Continuing a plan to get through the entire Bible in a year, follow as I journal through the reading. I have chosen a straightforward approach that begins in Genesis and ends in Revelation. This will not be an in-depth study or a comprehensive commentary. There are plenty of sources for such material. This is stage one Bible reading, taking the text at face value and sharing impressions.
Today’s reading comes from the book of Exodus, chapters 10 through 12, chronicling the final three plagues on Egypt, and Israel’s exodus. Some impressions from the text:
- “I have hardened [Pharaoh’s] heart… that you may tell in the hearing of your son and of your grandson how I have dealt harshly with the Egyptians and what signs I have done among them, that you may know that I am the Lord.” God’s purpose was not merely to make his name known among the Egyptians or the Israelites, but to make his name known among all people’s throughout time. These plagues were done to imprint God’s authority into our generational memory.
- With the pronouncement of the eighth plague, Pharaoh attempts a new tactic – bargaining. He asks who among the Israelites will go into the wilderness to worship God. Moses and Aaron tell him all will go. He attempts to dictate a compromise, saying that only the men may go. This, of course, is folly. There is no bargaining with God. Pharaoh had not learned his lesson. He had not learned his place. He had no power to leverage over the Almighty, as the swarm of locusts made clear.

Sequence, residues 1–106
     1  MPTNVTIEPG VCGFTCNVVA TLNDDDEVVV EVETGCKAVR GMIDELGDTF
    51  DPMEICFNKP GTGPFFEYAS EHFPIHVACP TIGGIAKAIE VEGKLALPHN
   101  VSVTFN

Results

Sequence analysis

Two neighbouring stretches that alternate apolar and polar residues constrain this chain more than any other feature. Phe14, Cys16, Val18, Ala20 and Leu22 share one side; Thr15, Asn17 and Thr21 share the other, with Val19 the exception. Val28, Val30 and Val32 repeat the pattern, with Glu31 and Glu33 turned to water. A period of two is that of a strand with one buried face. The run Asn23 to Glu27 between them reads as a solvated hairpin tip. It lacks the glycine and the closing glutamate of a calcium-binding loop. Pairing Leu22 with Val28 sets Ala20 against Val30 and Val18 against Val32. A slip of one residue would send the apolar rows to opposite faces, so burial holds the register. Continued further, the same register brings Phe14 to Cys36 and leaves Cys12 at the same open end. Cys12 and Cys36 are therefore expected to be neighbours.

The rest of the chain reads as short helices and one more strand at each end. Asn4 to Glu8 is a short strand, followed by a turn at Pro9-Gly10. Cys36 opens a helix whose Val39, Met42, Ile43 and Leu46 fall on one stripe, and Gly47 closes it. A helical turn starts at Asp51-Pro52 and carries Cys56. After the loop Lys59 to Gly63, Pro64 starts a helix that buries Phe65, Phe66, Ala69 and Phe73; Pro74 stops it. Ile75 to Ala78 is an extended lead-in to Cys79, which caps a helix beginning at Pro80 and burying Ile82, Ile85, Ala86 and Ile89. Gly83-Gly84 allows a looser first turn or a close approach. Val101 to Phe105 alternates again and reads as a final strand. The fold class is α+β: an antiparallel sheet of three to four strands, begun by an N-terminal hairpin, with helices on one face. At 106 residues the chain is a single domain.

- Pharaoh repeated his folly on the ninth plague, attempting once more to negotiate with Moses. It was an insincere effort, ending with Pharaoh’s pronouncement that Moses would die if ever he saw him again.
- The tenth plague, the killing of all the firstborn in Egypt, presented a noteworthy quality. On the one hand, God again made a distinction between his people Israel and the Egyptians. On the other hand, God made no distinction between the stations in Egyptian society. “… every firstborn in the land of Egypt shall die, from the firstborn of Pharaoh who sits on his throne, even to the firstborn of the slave girl who is behind the handmill, and all the firstborn of the cattle.” God was both discriminate and non-discriminate, a poetic expression of his sovereignty.
- The Lord’s Passover modeled gospel salvation. The wrath of God came in a plague to deliver death and wailing torment. Those who sheltered under the blood of the lamb would be saved. So it is today. The blood of the lamb — the blood of Christ — saves believers from the wrath they would otherwise deserve.
- Regarding the Passover, God commands: “If a stranger shall sojourn with you and would keep the Passover to the Lord, let all his males be circumcised. Then he may come near and keep it; he shall be as a native of the land.” Once again, this reiterates that God was not concerned about race. His nation was defined by abiding faith in Him, not genetics. This is something the Jews of the first century church would wrestle with. Some could not accept that God would include gentiles among his people. The apostle Paul explained that a child of Abraham was one by faith, not by blood.
Return soon as we continue our year-long journey through the text of the Bible.
Catch up on the previous entries:
Moses gets a mission from God. – Exodus 1-3
God makes his name known by plaguing Egypt.– Exodus 7-9